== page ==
Managers may think they are motivating employees. However, employee engagement in most organizations is still rather limited. My previous report on BlessingWhite’s 2011 employee engagement study shows that we still have a long way to go. Many organizations and managers simply do not do enough of the right stuff, and there are as many employees who simply aren’t interested in being anything but neutrally engaged.
Even when the most obviously right things are done, such as involving employees in goal setting and providing the social lubricant for employees to get on well with each other, there are three things that continue not to be working well enough in our organizations. This is according to the recent 2012 study by CIPD – The Chartered Institute of Personnel and Development. Most managers aren’t talking to employees about their personal development (only 39% do); too few are giving feedback on a regular basis (only 46% do); and coaching on the job is in short supply (only 30% do). And, some employees will do what they can to avoid the attention.
Let’s look a bit more closely at the CIPD report on employee engagement. The research covered more than 285,000 employees and managers, randomly selected within the profile of the workforce in the UK, and who are employed across the major sectors of the economy. What makes it interesting is that this replicates a study done approximately six months earlier, so it is possible to identify some patterns and trends (June 2012 and Dec 2011).
The “employee engagement” talked about in this study isn’t just about whether people like the boss or the job. It is also about how the job fits with their personal lives and whether they have friendships at work. Other aspects of “engagement” are factors such as the person’s attitude to the company itself, whether the employer’s goals are of meaning to the employee and whether there is a sense of belonging and future for the employee.
According to the CIPD survey, a surprising 58% of employees are “neutrally engaged”. Although this is a positive shift of 2% (up from 60%) from the results of the winter 2011 survey, it is not a good sign when more than half of the working population goes about their job in a half-hearted manner. Interestingly, the proportion of employees who are completely “disengaged” remains constant at 3%. Progress is shown, though, in the overall index of “engagement”. The number here has crept up from 36% to 39%. Managers should not be resting on the laurels, though. There is much room for improvement.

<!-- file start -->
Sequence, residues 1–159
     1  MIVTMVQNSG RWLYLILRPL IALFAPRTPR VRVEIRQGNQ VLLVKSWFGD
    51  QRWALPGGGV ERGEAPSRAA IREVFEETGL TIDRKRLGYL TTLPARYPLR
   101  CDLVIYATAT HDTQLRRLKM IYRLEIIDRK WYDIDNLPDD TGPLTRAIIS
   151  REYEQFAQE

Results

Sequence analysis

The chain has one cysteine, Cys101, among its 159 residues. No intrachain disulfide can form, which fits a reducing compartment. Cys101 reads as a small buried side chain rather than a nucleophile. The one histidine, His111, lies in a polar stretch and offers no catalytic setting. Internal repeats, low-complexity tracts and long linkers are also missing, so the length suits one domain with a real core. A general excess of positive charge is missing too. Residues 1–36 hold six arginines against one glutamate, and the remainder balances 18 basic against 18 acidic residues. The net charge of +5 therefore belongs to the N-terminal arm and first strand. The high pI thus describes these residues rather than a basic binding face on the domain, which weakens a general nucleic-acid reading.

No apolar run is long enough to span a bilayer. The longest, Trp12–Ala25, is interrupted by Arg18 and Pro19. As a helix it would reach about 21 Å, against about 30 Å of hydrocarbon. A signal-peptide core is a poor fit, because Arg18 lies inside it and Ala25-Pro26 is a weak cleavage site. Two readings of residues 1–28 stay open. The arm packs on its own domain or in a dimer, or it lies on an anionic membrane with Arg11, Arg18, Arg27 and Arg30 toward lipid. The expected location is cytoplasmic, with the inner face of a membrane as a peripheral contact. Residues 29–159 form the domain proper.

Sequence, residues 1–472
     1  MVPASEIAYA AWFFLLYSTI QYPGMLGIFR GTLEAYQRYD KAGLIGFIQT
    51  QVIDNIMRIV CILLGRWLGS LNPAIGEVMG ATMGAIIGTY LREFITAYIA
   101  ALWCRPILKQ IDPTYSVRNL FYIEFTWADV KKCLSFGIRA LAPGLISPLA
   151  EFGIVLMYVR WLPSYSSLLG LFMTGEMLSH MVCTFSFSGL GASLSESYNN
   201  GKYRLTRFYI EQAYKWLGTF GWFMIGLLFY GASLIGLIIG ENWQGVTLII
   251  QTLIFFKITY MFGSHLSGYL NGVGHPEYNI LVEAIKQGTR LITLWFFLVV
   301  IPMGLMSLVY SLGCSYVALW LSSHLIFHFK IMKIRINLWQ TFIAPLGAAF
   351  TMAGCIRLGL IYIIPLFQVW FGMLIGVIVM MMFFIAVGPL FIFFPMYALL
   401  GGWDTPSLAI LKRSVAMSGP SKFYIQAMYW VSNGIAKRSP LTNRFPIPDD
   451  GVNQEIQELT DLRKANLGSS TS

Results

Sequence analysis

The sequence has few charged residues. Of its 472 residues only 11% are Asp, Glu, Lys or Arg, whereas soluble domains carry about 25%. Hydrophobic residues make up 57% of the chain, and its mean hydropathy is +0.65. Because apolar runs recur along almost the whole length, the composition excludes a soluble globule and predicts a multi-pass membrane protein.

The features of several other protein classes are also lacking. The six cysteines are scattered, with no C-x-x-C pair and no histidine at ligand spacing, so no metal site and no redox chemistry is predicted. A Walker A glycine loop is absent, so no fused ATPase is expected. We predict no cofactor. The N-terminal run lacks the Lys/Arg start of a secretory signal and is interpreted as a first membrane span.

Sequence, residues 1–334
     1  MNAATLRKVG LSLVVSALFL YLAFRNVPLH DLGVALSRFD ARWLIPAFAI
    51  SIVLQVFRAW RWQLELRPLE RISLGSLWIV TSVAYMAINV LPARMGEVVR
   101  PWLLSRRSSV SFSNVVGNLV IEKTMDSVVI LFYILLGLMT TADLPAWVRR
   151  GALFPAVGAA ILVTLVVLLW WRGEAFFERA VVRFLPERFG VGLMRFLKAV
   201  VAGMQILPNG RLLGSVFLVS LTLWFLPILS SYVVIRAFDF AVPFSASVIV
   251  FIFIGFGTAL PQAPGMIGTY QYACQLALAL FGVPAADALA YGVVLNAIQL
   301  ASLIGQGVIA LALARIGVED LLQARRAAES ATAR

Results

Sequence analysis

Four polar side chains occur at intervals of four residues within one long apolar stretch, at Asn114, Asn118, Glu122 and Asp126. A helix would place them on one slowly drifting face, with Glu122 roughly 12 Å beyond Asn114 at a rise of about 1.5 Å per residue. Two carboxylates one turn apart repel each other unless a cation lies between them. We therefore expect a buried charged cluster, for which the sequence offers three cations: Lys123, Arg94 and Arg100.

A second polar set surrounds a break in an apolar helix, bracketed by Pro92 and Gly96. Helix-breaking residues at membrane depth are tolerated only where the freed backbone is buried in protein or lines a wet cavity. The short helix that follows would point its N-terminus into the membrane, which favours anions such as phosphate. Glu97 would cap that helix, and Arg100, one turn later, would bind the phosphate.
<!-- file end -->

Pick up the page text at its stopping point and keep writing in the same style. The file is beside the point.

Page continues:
The predominant group of “neutrally engaged” employees is, curiously, pretty satisfied with both the boss and the job. Although, it turns out, 22% of them are job hunting. In their state of “neutral engagement”, they won’t be exerting much discretionary effort to help the employer. They are also unlikely to rock the boat to cause trouble (or attract attention?) The good news is that it is possible to find out what would engage them and to put in management practices to raise the engagement needle.
“Cherchez le manager” (loosely translated as “seek out the manager”) is common wisdom by now when it comes to understanding employees’ levels of engagement, productivity and general satisfaction with the job. However, the CIPD study reports that the group of “neutrally engaged” employees don’t have many complaints about their relationships with their immediate managers. Nearly three-quarters (72%) of them feel they are being treated fairly. However, according to the study, the three practices I mentioned above (PD discussions/feedback/coaching) are in the way of moving them to showing signs of true engagement. Some 61% of employees don’t have the personal career discussions they would like to have with their immediate managers. A full 70% report that they’re not getting the coaching they need. More than half (54%) carry on working without knowing how they’re doing as they’re not getting regular performance feedback from their manager.
These three management activities are a great place to start in focusing our attention on lifting engagement levels. What other practices do you consider will also help here? Please share. In my next post, I will consider some other ramifications for how we manage employees resulting from this important CIPD survey.
CIPD Employee Outlook, Summer Edition 2012 www.cipd.co.uk/binaries/5923%20Employee%20Outlook%20SR%20%28WEB%29.pdf